# Notation of spin Hamiltonian#

The notation, which is considered to be the standard for the RAD-tools:

It has double-counting, spins are not normalized, and the exchange parameter is positive for ferromagnetic order.

Note

The "standard" here does not mean that the `SpinHamiltonian`

always has this notation. For example when `SpinHamiltonian`

is
read from TB2J file (`load_tb2j_model()`

) it has the notation of TB2J.

Notation of the spin Hamiltonian is defined with two properties and the numerical factor before the sum. The properties are:

`double_counting`

Whether both pairs \((i, j)\) and \((j, i)\) are included in the sum.

If double counting is avoided it is usually indicated under the sum sign:

\[\sum_{i < j} \text{ or } \sum_{i > j}\]When double counting is implied there are no indication under the sum sign:

\[\sum_{ij}\]However, some authors are using

\[\sum_{<ij>}\]as an indication of the avoided double counting, which we find confusing and discourage you to use it in this way. In textbooks this indication usually implies that only near-neighbors are included in the sum, which is not the same as avoided double counting (consecutively \(\sum_{<<ij>>}\) is used to indicate next-nearest neighbors and so on).

Note

Indication

\[\sum_{i \ne j}\]Does not mean that double counting is avoided. It rather say that no exchange of the atom with itself is present.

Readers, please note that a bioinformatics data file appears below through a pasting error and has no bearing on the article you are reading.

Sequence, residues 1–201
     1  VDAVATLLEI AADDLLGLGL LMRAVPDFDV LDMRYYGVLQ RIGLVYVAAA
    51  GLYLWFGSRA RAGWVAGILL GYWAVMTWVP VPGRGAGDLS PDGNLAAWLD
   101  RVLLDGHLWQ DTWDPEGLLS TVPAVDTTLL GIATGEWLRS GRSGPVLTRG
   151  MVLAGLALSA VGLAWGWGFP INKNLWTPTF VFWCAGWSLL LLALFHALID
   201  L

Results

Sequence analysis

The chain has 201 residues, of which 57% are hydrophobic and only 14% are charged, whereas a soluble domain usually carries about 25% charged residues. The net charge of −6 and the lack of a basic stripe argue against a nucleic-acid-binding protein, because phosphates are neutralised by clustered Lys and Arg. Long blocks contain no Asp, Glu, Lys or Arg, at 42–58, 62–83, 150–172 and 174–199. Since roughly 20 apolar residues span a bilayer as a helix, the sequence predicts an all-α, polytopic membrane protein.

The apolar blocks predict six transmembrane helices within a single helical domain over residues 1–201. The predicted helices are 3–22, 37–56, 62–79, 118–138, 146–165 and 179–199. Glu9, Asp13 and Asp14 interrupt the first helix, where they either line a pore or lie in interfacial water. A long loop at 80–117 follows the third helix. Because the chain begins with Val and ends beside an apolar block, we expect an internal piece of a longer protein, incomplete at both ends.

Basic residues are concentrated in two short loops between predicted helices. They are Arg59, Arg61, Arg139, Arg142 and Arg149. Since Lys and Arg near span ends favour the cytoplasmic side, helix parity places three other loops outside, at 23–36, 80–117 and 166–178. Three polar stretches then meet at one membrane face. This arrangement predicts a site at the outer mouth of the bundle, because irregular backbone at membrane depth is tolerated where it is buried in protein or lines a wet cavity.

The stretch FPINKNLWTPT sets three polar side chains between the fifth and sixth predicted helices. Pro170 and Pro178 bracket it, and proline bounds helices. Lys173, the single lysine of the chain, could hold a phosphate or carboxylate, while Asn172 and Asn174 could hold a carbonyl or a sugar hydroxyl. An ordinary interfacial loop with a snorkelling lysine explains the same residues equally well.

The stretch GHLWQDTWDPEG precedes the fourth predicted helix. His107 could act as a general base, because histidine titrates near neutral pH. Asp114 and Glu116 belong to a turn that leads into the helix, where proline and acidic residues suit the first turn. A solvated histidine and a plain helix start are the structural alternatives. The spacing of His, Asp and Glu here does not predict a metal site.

`spin_normalized`

\(\boldsymbol{S}_i\) in the spin Hamiltonian is viewed as a spin operator or as a classical spin vector. If it is normalised to \(1\), then exchange parameter absorbs the factor \(\vert\boldsymbol{S}_i\vert \vert\boldsymbol{S}_j\vert\).

Numerical `factor`

in general can be arbitrary, but in practice only three cases are met:

- Factor \(\dfrac{1}{2}\)
Factor \(1/2\) is sometimes included in order to compensate for the double counting. If it is included, then it is simply written before the sum sign. It is usually used when double counting is present.

- Factor \(2\)
Factor \(2\) is sometimes included in order to account for double counting. If it is included, then it is simply written before the sum sign. It is usually used when double counting is avoided.

- Minus sign
Whether the minus sign is included in the Hamiltonian.

Caution

We would like to note that not all authors are thoughtful with the definition of the Hamiltonian, therefore, additional care is required when reading the literature.

RAD-tools utilizes those properties in order to define the notation of the
spin Hamiltonian. During the creation of the `SpinHamiltonian`

object the
notation is deliberately not defined, because it depends on your interpretation.
Therefore, the notation has to be defined explicitly by you. If the notation is not
defined, and you are trying to use the properties and methods that rely on it,
then the `NotationError`

is raised.
See Examples for the usage.

## Conversion of the notation#

In the figure below we illustrate the problem of the notation's convention. The picture describes the
whole notation tree, if no minus sign is considered present (`SpinHamiltonian.factor`

is positive). Click on the picture to enlarge it.